Cut Line: Plenty of short stories in golf


This week’s edition of Cut Line focuses on short stories – like Harbour Town’s comparatively short, 6,973-yard test, Vijay Singh’s short-sighted Olympic decision, and Dawie van der Walt’s short fuse.

Made Cut

Safe Harbour (Town). Last week at Augusta National, Jack Nicklaus made what has become his annual stand against distance gains and the length modern pros hit the golf ball.

“I think with the length the guys hit today, the simplest solution is change the frigging golf ball,” Nicklaus said. “The golf ball goes so far. Augusta National is about the only place, the only golf course in the world, that financially can afford to make the changes that they have to keep up with the golf ball.”

Although no one is disputing the Golden Bear’s take, it is worth pointing out that there is still a place in the game for the short and subtle.

The par-3 12th hole at Augusta National, the shortest hole on the iconic golf course at 155 yards, decided the outcome of the Masters when Jordan Spieth deposited two golf balls in Rae’s Creek.

And at only 6,973 yards, Harbour Town, among the Tour’s shortest layouts and the site of this week's RBC Heritage, regularly proves a worthy test of the game’s best.

“It's a classic Pete Dye, one of his earlier [designs],” first-round co-leader Luke Donald said. “Not very long, small greens. You get some wind here. Anywhere from 10 to 14 [under] wins here. He had a blank canvas to work on Whistling Straits - 8,000 yards, bunkers everywhere, and what does Jason Day shoot? It's built to be a major championship and he shoots 20 under.”

Length has always been an advantage in golf, but there is still something to be said for big things coming in small packages.

The Bohn Revival. Jason Bohn, who ordinarily would not be considered one of the sullen types on Tour, was particularly bouncy this week at the RBC Heritage.

The 42-year-old was making his first start since suffering a heart attack in February at the Honda Classic, and the opportunity to return to the Tour was something to be savored.

“The opportunity that I have to play again is huge,” Bohn said. “The fact that I did it this quickly is a little surprising to me. I thought I might be out for a few months. Very grateful and thrilled to be here.”

According to Bohn’s doctors, the two-time Tour winner’s left anterior descending artery, also known as the “widow maker,” was 99 percent blocked and he needed surgery to insert a stent.

Bohn has never been the type of player lacking  perspective, but his brush with mortality certainly gave him a reason to expand his outlook.

“It's definitely put life into a bigger picture, just realizing how quickly it can all go away,” he said.

Made Cut-Did Not Finish (MDF)

Olympic games. With the notable exception of Adam Scott, players likely bound for this year’s Olympics have said all the right things, explaining the importance of golf’s return to the Games and the benefits of playing for country and medals.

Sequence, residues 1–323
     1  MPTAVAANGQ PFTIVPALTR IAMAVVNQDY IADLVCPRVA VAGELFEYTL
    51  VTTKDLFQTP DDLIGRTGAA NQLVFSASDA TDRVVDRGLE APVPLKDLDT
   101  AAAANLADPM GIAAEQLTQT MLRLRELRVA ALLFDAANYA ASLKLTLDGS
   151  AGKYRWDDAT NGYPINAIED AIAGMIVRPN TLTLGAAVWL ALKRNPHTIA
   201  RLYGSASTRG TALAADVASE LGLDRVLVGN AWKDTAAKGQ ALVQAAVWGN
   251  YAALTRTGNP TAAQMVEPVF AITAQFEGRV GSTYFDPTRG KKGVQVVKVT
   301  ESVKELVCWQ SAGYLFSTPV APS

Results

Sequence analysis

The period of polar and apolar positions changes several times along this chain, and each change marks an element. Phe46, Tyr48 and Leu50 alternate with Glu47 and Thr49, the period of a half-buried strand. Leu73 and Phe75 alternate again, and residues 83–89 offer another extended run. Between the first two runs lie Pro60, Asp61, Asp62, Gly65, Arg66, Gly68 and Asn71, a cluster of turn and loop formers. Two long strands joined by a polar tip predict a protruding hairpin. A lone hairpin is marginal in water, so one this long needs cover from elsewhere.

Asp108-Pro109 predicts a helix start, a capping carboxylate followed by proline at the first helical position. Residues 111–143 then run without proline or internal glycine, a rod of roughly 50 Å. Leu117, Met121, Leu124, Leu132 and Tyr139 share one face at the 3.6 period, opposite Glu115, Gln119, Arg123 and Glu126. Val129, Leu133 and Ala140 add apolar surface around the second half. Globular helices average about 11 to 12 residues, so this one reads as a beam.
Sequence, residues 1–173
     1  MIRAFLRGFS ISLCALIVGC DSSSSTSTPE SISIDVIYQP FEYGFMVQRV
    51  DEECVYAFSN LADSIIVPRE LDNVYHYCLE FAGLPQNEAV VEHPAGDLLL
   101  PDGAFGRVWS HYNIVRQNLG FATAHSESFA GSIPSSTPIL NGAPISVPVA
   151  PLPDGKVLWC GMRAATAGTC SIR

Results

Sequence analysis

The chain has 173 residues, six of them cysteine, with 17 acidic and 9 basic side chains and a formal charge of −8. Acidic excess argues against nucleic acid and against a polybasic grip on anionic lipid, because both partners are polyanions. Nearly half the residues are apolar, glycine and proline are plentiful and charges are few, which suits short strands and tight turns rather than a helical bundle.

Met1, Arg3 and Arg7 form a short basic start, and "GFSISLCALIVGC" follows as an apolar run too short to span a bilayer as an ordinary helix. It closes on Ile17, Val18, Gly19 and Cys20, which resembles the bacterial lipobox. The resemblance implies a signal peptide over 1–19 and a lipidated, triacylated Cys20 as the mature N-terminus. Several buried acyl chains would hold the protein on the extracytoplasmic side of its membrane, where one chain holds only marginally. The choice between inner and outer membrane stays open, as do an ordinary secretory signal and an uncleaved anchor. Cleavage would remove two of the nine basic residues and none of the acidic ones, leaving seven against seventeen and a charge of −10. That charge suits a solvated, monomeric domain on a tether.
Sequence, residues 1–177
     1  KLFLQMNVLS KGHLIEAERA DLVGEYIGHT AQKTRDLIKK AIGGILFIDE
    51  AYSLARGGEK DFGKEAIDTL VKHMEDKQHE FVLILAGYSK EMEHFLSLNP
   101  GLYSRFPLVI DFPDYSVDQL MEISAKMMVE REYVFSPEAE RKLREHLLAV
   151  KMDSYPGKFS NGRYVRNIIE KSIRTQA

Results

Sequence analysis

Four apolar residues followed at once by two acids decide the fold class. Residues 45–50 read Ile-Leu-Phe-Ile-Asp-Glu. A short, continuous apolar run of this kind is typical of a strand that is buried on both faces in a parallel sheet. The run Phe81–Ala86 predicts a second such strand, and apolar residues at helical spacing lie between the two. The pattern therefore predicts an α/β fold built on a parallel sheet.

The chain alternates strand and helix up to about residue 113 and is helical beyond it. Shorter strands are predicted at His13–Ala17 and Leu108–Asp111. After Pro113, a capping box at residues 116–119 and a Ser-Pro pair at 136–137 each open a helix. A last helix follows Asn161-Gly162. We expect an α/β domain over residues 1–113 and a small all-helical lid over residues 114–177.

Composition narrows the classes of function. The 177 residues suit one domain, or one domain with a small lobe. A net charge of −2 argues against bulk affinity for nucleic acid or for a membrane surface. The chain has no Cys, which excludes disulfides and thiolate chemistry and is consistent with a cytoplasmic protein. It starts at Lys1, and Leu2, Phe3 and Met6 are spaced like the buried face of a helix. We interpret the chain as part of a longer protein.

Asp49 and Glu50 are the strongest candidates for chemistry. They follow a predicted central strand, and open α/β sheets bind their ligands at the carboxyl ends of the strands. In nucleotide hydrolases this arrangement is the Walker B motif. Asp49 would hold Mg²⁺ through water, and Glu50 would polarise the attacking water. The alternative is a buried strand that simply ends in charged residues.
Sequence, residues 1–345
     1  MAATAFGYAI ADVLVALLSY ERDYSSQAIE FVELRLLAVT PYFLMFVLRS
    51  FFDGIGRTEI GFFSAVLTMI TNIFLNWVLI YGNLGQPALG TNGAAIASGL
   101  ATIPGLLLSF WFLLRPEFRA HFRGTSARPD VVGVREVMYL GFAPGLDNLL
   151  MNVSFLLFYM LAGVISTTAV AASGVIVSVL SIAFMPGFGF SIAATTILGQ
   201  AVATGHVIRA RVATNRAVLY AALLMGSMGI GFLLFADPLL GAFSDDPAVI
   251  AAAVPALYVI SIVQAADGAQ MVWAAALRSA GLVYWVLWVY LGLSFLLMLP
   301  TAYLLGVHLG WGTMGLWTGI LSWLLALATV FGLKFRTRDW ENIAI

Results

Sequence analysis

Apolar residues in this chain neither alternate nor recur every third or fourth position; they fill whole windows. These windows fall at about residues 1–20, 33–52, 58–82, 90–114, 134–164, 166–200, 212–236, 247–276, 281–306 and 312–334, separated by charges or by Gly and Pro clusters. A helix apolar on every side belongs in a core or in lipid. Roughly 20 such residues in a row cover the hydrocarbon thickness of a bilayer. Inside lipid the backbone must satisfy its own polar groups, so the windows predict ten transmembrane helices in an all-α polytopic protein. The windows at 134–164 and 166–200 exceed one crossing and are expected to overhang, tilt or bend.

This week, however, Vijay Singh broke rank and – along with Miguel Angel Jimenez, the first alternate for Spain – withdrew his name from the Olympic pool.

“The timing of it, you know I have to focus over here [the PGA Tour]. I would like to play the Olympics, but the Zika virus, you know and all that crap,” Singh told Golf

Singh also mentioned the distance athletes will have to travel to participate in this year’s Rio Games as a reason to skip the Olympics, and it’s hard to question the Fijian’s decision.

Still, for Olympic organizers Singh’s withdrawal may set a dangerous precedent for other players who have said all the right things publicly, but privately questioned many aspects of this year’s Games.

Captain conundrum. This week’s announcement that Steve Stricker will captain the U.S. Presidents Cup team next year was met with a chorus of kudos from those he may lead next fall at Liberty National in New Jersey, but the move did prompt other questions.

Stricker was named one of Davis Love III’s vice captains for this year’s Ryder Cup and would seem to fall into a legacy role as a future Ryder Cup captain.

The problem is this: Only Arnold Palmer and Jack Nicklaus have captained both teams, and on both occasions they led the Presidents Cup squad after taking their turns as Ryder Cup captains.

“I think what we went through with the task force and the committee, we're going to look at the most qualified guy, no matter what,” Love said this week. “I think when you've seen the last two Ryder Cups are [Tom] Watson and me, it's a blank sheet of paper.”

Stricker would be a popular choice in either role, and it turns out he may be a trail blazer.

Missed Cut

Tweet of the week: @Dawie1983 (Dawie van der Walt): “Gota [sic] love a guy who gets an invite into a Tour event and then WD after the first round. #hangitupmike”

The South African was referring to Mike Weir, who was playing this week’s RBC Heritage on a sponsor exemption but withdrew from the event after an opening 78.

Van der Walt, the second alternate into this week’s field, didn’t end up getting a tee time at Harbour Town and frustration boiled over onto social media. He later clarified his statement with a second tweet, “I should not have said that, it’s nothing against [Weir] it’s just you’re hurt and WD and other could have played.”

For Weir, who has dealt with a litany of injuries in recent years, his withdrawal is hardly surprising or suspect, and van der Walt’s frustration seemed to have less to do with Weir than it does an increasingly limited schedule for Tour graduates as the circuit inches toward the summer months.

Riding the bench is never easy for an athlete. Doing so with access to Twitter can be explosive.